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Doubled Pawns
Acceptable Doubled Pawns

Point Count Chess, NO.188, p269
Schwarz v. Tarrasch, 1932

H&M-S describe Doubled Pawns as "the least of all weaknesses."

They list two situations where it's acceptable to incur Doubled Pawns:

  1. To gain a Half-Open File
  2. To gain the Bishop Pair

This example, No.188, reveals a third situation, where Doubled Pawns may be considered acceptable:

  1. To exchange a Bad Bishop, for your opponent's Good Bishop
Beneath the ChessFlash viewer, you'll find my analysis of the position featured in Point Count Chess:
  1. PCC, p.269 No.188, after 7.Bd3
  2. Result of Acceptable Doubled Pawns.
  3. Summary of Acceptable Doubled Pawns.
  4. PGN

Acceptable Doubled Pawns
My Analysis

Position #1, My Analysis
PCC, p.269 No.188, after 7.Bd3

After: 1.e3 d5 2.f4 g6 3.Nf3 Bg7 4.d4 Nf6 5.c4 c6 6.Nc3 O-O 7.Bd3

Point Count Chess - IE - Diagram 188 - Page 269
After: 7.Bd3

1. Black's light-Bishop becomes a Bad Bishop

Point Count Chess - IE - Diagram 188 - Doubled Pawns, Acceptable Doubled Pawns, After 1...d5
Doubled Pawns,
Acceptable Doubled Pawns
After 1...d5
After 1...d5, Black's d-Pawn is developed onto a light-square (d5).

It will also need Pawn support, meaning more light-squares will be occupied, which in turn can block the mobility of Black's light-Bishop, causing it to become Bad (this is what happens, over subsequent moves).
Point Count Chess - IE - Diagram 188 - Doubled Pawns, Acceptable Doubled Pawns, After 2...g6
Doubled Pawns,
Acceptable Doubled Pawns
After 2...g6
After 2...g6, Black's g-Pawn advances (2...g7-g6) to halt further advance by White's Kingside Pawns.

This is okay for Black's light-Bishop, as it doesn't block its diagonal path toward White's territory, on the light squares.

However, Black's g6-Pawn is now in position to become Doubled on the f-file, when it completes the exchange of (what will be) Black's Bad light-Bishop, for White's Good light-Bishop.
Point Count Chess - IE - Diagram 188 - Doubled Pawns, Acceptable Doubled Pawns, After 5...c6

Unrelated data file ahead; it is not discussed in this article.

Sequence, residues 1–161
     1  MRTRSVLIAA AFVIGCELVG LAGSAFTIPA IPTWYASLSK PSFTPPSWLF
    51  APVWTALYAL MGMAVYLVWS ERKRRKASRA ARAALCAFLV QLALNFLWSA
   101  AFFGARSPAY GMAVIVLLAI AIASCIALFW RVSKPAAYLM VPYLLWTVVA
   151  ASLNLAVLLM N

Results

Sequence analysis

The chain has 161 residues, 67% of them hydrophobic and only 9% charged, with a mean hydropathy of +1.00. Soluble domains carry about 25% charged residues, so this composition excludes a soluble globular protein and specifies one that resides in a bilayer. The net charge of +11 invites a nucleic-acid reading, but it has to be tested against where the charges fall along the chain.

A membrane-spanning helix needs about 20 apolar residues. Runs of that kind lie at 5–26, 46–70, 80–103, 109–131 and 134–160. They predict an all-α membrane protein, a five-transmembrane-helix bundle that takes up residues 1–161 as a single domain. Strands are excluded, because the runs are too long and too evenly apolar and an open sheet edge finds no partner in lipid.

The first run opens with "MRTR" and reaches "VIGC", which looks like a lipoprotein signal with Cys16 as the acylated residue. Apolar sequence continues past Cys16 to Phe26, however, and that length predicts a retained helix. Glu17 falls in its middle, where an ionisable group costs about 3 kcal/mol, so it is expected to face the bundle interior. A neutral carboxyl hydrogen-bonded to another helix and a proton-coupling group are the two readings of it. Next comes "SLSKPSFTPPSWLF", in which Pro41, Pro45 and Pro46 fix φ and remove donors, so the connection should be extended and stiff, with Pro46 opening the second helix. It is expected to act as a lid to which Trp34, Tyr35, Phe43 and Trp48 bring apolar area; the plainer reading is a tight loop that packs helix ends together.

Doubled Pawns,
Acceptable Doubled Pawns
After 5...c6
After 5...c6, Black's light-Bishop is arguably Bad, at this point, as Black's c-Pawn advances (5...c7-c6) to support Black's d5-Pawn.

This impacts on the mobility of White's light-Bishop, which cannot use the long diagonal (a8-h1) to attack or defend.

Sure, Black's light-Bishop can be moved to the f5-Outpost, supported by Black's g6-Pawn. However, a possible 6.h2-h3 & 7.g2-g4 would force it to flee (don't expect White's Nb1 to still be there, so Black wouldn't be able to exchange his light-Bishop, on b1).
Point Count Chess - IE - Diagram 188 - Doubled Pawns, Acceptable Doubled Pawns, After 7.Bd3
Doubled Pawns,
Acceptable Doubled Pawns
After 7.Bd3
After 7.Bd3, White's light-Bishop seeks to further decrease the Black light-Bishop's mobility, by taking away its safe occupation of the f5-Outpost, and also the d4-square. This further increases the badness of Black's Bad Bishop.

2. Black incurs Acceptable Doubled Pawns, on the f-file

Point Count Chess - IE - Diagram 188 - Doubled Pawns, Acceptable Doubled Pawns, After 7...Bf5
Doubled Pawns,
Acceptable Doubled Pawns
After 7...Bf5
After 7...Bf5, Black chooses to get rid of his Bad Bishop, by the very act of sending it to occupy the f5-Outpost, despite the threat posed by White's Bd3.

Black identifies the opportunity to exchange his Bad Bishop, for White's Good Bishop (Bd3). Although, it will lead to his g-Pawn becoming Doubled on the f-file.

H&M-S speak of Tarrasch's thinking: "He (Tarrasch) considers that to exchange his Bad Bishop for White's good bishop is worth the doubled king bishop pawn."
Point Count Chess - IE - Diagram 188 - Doubled Pawns, Acceptable Doubled Pawns, After 8.O-O to 11.fxe5
Doubled Pawns,
Acceptable Doubled Pawns
After 8.O-O to 11.fxe5
After 8.O-O to 11.fxe5, it's telling that White has, so far, made no attempt to exchange light-Bishop, preferring instead to take-on Doubled Pawns himself, on the e-file.

White obviously sees a potential strengthening of Black's position, if he incurs Doubled Pawns, on the f-file.
Point Count Chess - IE - Diagram 188 - Doubled Pawns, Acceptable Doubled Pawns, After 11...Nd7 12.Bxf5 gxf5
Doubled Pawns,
Acceptable Doubled Pawns
After 11...Nd7 12.Bxf5 gxf5
After 11...Nd7 12.Bxf5 gxf5, White incurs Acceptable Doubled Pawns, on the f-file.

After Black gets his Knight to safety (11...Nf6-d7), it would appear White could no longer delay the exchange of light-Bishops, as he strikes first, the very next move (12.Bd3xf5).

As Black's g-Pawn completes the trade (12...g6xf5), it becomes Doubled, on the f-file.